If you’ve ever been to a Christkindlmarkt during the holidays, you know how special they are – it’s like walking straight into a German town. The sights and smells are all old-world holiday, and when you look down, you’re surprised to find you’re not wearing lederhosen. But you just smile because the warm mug of Glühwein – mulled wine – you’re holding makes everything alright.
Our Harneymarkt this holiday season was obviously inspired by this wonderful German Christmas tradition. Ever wonder how they came about? It’s interesting, and the ways that events surrounding German Christkindlmarkts have influenced our own celebrations may surprise you.
The history of these markets actually dates back to the 13th century. Starting around 1296, Vienna’s Emperor Albrecht I granted shopkeepers the right to hold a market for a day or two in early winter so townspeople could stock up on supplies to last through the cold months. Known as Dizembermarkt, over time, shopkeepers began setting up stalls to sell things like baskets, toys, and more that were bought as gifts. These winter markets eventually became known as Christmas markets; the earliest appeared in Munich around 1310, Bautzen in 1384, and Frankfurt in 1393. But the first true Christmas market is attributed to Dresden’s Strietzelmarket in 1434.
By the mid-1500s, Christkindlmarkts were a common sight throughout Germany. Each town had their own unique market where local farmers, bakers, and tradesmen sold their ware. This gave each market distinctive characteristics. Just as you can today, shoppers then could expect to find hand-carved nutcrackers and other wooden toys, cuckoo clocks, glass, small wooden ornaments, beer steins, along with food and beverages, of course.
One big boost to the Christkindlmarkts – and our own Christmas traditions today – came from an unexpected source: the German Protestant reformer Martin Luther. Before he came along, the exchange of Christmas presents took place on either the Saint Days of St. Nicholas or St. Martin. It was Luther’s idea that gift-giving should be focused around the birth of Christ rather than saints – that children should receive gifts from the Christ Child or Christkind. His idea was obviously adopted.
Rather than representing the Christ Child, the “Christkind” is a fairy-like being dressed in gold and white robes with a crown on golden hair who is the namesake of Christkindlmarkts. This figure, who is present at many Christkindlmarkts and is the German equivalent of Santa Claus, was derived from traditional costumes where parades during the holiday season were guided by a grand angel, the Christkind. It is she who delivers presents under German Christmas trees and disappears before children can see her.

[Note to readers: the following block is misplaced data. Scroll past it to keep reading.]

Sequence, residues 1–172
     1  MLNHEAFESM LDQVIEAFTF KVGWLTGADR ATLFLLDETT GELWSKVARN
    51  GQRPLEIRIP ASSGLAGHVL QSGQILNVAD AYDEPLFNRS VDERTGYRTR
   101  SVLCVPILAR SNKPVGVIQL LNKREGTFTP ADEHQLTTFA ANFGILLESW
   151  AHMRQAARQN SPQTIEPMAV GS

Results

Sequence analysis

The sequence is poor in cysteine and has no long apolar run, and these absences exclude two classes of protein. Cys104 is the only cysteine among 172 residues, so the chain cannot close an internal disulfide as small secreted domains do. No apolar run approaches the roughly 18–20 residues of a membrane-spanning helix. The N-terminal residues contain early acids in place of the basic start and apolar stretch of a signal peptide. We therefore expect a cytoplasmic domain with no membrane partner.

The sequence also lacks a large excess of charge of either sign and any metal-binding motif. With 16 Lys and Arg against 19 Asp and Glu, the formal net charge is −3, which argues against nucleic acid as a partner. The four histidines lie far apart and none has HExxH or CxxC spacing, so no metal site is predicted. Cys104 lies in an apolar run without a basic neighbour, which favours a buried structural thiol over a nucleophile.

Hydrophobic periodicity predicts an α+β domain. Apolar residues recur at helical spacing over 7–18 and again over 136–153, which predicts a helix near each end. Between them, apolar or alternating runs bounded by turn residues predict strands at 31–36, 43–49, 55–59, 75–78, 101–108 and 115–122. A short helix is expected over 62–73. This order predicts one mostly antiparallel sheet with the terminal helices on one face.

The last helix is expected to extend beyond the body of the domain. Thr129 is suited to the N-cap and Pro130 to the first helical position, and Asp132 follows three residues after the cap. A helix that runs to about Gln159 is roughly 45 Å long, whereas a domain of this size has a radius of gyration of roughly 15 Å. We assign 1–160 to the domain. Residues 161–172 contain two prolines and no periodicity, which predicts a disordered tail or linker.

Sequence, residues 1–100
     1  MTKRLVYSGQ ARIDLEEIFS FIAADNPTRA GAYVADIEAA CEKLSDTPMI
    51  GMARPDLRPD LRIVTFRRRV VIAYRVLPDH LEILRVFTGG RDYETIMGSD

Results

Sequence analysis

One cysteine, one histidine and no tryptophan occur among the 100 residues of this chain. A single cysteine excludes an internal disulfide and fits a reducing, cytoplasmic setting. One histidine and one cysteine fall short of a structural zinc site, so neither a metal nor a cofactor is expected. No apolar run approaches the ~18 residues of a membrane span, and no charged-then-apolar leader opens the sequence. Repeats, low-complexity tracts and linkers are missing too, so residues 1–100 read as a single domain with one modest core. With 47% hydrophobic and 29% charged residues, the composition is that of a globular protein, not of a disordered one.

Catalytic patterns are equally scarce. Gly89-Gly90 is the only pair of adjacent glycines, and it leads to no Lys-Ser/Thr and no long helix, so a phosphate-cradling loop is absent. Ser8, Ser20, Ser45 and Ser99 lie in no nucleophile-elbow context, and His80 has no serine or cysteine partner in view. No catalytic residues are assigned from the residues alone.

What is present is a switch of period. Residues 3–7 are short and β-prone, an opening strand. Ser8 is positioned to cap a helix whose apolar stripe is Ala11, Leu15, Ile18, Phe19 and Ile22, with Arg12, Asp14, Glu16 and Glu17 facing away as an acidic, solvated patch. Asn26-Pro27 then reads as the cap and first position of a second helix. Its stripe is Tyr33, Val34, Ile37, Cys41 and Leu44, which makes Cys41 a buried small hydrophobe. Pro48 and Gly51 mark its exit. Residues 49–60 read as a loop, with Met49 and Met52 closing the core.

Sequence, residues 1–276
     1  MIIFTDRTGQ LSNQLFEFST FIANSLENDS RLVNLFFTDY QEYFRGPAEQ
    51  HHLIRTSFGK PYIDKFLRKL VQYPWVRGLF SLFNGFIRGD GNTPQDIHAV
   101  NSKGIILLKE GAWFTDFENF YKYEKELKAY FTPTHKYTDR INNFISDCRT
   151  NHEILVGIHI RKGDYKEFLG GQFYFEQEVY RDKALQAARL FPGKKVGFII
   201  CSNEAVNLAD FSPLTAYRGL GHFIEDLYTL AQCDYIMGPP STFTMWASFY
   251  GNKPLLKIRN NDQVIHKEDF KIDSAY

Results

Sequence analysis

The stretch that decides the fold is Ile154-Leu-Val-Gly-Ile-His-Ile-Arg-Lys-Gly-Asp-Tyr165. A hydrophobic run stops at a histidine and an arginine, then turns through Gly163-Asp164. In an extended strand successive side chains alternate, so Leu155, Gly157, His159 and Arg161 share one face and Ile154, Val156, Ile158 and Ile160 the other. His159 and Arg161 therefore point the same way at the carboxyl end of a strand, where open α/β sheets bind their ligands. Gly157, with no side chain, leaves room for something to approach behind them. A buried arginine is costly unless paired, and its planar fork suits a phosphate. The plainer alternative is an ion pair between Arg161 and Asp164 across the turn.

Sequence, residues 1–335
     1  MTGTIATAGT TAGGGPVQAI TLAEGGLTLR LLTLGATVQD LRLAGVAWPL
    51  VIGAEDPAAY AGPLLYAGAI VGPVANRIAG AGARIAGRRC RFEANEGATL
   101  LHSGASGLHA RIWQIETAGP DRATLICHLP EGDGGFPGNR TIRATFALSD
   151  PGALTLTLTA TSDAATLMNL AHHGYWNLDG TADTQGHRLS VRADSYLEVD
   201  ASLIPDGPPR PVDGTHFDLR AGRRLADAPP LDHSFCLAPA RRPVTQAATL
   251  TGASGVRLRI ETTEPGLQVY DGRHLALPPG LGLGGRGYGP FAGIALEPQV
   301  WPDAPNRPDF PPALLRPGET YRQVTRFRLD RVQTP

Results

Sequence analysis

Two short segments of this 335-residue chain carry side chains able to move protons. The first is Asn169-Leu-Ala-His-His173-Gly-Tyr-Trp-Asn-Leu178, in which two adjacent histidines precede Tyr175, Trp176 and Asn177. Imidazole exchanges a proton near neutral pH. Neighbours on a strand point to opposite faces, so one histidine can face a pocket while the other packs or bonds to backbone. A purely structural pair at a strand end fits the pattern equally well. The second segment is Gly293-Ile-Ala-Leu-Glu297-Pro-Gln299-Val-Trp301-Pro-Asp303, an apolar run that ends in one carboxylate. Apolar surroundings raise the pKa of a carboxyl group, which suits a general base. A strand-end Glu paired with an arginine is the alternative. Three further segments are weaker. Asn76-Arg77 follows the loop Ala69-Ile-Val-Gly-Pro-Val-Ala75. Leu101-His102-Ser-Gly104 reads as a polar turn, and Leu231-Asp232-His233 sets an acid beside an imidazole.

Christkindlmarkts have obviously fanned out across Europe and the U.S. and have become extremely popular holiday events. If you go, you can expect to enjoy some typical German fare like the aforementioned Glühwein as well as Apfelwein (hot cider), Eirpunsch (egg-based warm alcoholic drink, much like eggnog), Christstollen (egg bread with fruit), Bratwurst (you know what that is!), giant pretzels, roasted nuts and much more. If you’re lucky, you’ll find Zwetschgenmännle – adorable little prune people. And if you’re at a Christkindlmarkt in Catalan, Spain, you won’t be able to miss the Caga Tió, or Tió de Nadal…or the “pooping log.”
(It’s a long story, but this very popular Catalan tradition involves this adorable log wearing a cape with a smiling face that is “fed” for a period of time before Christmas. On Christmas Eve, while the children leave the room to pray for the Caga Tió to leave them sweets and treats, parents hide small gifts under the blanket that has been placed on top of the log. Then the children sing a song to entreat the log to “poop” out gifts for them as they beat it with a stick (we can’t make this up). The log, having been “fed” food for a week, has no reason not to oblige; treats and sweets are found under the blanket by delighted children. And that, folks, is a Christmas tradition we’re pretty sure not many of you knew! You’re welcome.)
We hope you’ve enjoyed learning all about Christkindlmarkts and are able to enjoy our own Harneymarkt this season. Just like the local tradesmen of yore, we’ve filled our stalls with our own unique Harney wares and gifts. Schöne Feiertage – or Happy Holidays!